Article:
The application of nanoparticles (NPs) in different technologies has led to tremendous advancement in those fields.  Moreover, there is growing interest in application of ultra-small NPs (USNPs) at 1-3 nm due to their distinct molecule like features. Parallel to these promises, there is a growing concern regarding their safety. The main goal of this thesis was to investigate the toxicity and underlying mechanisms following exposure to different metal and metal oxide NPs as well as USNPs. Their effects were studied on Saccharomyces cerevisiae, on hepatocytes and endothelial cells and finally in vivo on zebrafish embryos (Danio rerio). By selecting the rutile form of titanium dioxide (TiO2-USNPs) without intrinsic or intracellular reactive oxygen species (ROS) production, we could study biological impacts solely due to size and direct interaction with the cells. We showed that TiO2-USNPs were not cytotoxic but induced DNA damage. They had anti-angiogenic effects both in vitro and in vivo. Also, at high concentrations they caused complete mortality in zebrafish embryos exposed in water, while at lower concentrations induced delay in hatching. When injected they caused malformations. They specifically induced the differential overexpression of transcripts involved in lipid and cholesterol metabolism in endothelial cells. In hepatocytes they induced the overexpression of proteins in the electron transport chain and decreased lipids in lipid rafts. At 30 nm, TiO2-NPs, were also not cytotoxic but were genotoxic. They had no effects in vivo or on angiogenesis. However, they induced differential expression of transcripts involved in endoplasmic reticulum (ER) stress and heat shock response as well as cholesterol metabolism. This suggests a more toxic response in the cells compared to TiO2-USNPs.  Single walled carbon nanotubes (SWCNTs) despite having the highest oxidative activity among the NPs studied, were not severely cyto- or genotoxic but induced expression of transcripts involved in early ER stress response. Copper oxide (CuO-NPs) was the most toxic NPs studied due to both ion release and ROS production, affecting lipid metabolism of the cells. Silver (Ag-NPs) were also cytotoxic and caused the disruption of cellular components and lipids. ZnO-NPs were not cytotoxic, did not affect cellular lipids but they increased the size of vacuoles in yeast cells. Finally by using superparamagnetic iron oxide NPs (SPIONs) with different coatings, and using a mathematical model, a nano impact index (INI) was developed as a tool to enable the comparison of nanotoxicology data.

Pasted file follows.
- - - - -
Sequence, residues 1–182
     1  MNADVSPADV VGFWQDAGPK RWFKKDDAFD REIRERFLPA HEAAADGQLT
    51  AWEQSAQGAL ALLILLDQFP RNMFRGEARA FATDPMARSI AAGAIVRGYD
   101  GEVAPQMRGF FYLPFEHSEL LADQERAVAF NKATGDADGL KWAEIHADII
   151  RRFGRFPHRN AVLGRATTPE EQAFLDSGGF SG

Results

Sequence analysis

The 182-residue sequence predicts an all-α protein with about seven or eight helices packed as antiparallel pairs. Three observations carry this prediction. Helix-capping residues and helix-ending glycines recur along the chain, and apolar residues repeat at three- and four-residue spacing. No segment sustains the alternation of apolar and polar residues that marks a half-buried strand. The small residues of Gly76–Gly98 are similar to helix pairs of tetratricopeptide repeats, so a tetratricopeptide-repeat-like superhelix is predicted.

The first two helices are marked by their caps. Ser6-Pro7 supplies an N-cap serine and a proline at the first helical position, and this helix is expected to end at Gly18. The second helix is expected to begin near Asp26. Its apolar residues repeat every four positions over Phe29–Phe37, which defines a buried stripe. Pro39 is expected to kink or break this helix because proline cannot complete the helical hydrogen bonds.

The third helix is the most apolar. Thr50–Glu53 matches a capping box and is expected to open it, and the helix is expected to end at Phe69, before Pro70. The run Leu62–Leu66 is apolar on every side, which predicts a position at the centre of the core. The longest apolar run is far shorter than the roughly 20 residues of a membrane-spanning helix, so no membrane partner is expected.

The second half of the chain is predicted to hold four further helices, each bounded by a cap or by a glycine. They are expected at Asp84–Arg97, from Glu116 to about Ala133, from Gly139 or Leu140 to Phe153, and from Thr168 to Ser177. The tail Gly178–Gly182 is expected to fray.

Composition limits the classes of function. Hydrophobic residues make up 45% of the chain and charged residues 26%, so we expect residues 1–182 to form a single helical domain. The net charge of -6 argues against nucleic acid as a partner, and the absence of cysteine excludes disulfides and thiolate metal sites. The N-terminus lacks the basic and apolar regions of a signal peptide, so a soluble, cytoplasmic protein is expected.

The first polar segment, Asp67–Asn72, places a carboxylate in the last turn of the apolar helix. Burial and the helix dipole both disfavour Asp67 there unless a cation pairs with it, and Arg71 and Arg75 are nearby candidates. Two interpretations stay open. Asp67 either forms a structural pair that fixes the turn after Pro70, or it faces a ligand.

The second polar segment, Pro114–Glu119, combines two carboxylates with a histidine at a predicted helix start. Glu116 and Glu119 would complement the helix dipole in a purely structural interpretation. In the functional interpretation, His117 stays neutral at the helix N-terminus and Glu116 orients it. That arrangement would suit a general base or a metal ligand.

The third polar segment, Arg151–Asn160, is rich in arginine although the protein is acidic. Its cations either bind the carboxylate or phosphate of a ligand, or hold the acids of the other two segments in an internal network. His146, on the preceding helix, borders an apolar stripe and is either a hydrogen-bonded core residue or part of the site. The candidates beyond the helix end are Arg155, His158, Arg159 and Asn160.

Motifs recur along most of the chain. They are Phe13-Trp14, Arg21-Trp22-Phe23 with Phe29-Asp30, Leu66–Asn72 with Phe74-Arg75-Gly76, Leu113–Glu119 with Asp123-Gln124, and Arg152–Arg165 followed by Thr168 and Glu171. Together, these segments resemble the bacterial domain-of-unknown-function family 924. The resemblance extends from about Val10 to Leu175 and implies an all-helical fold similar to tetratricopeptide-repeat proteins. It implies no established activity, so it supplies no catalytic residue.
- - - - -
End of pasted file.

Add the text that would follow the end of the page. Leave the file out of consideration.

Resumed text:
Place, publisher, year, edition, pages
Stockholm: Department of Biochemistry and Biophysics, Stockholm University, 2015. 78 p.
Nanoparticles, Nanotoxicology, Ultra-small nanoparticles
National Category
Biochemistry and Molecular Biology
Research subject
urn:nbn:se:su:diva-116708 (URN)978-91-7649-193-5 (ISBN)
Public defence
2015-06-02, Magnélisalen, Kemiska övningslaboratoriet, Svante Arrhenius väg 16 B, Stockholm, 10:00 (Swedish)

At the time of the doctoral defense, the following papers were unpublished and had a status as follows: Paper 2: Accepted. Paper 3: Manuscript. Paper 4: Manuscript. Paper 5: Manuscript.

Available from: 2015-05-11 Created: 2015-04-23 Last updated: 2015-05-12Bibliographically approved

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Bayat, Narges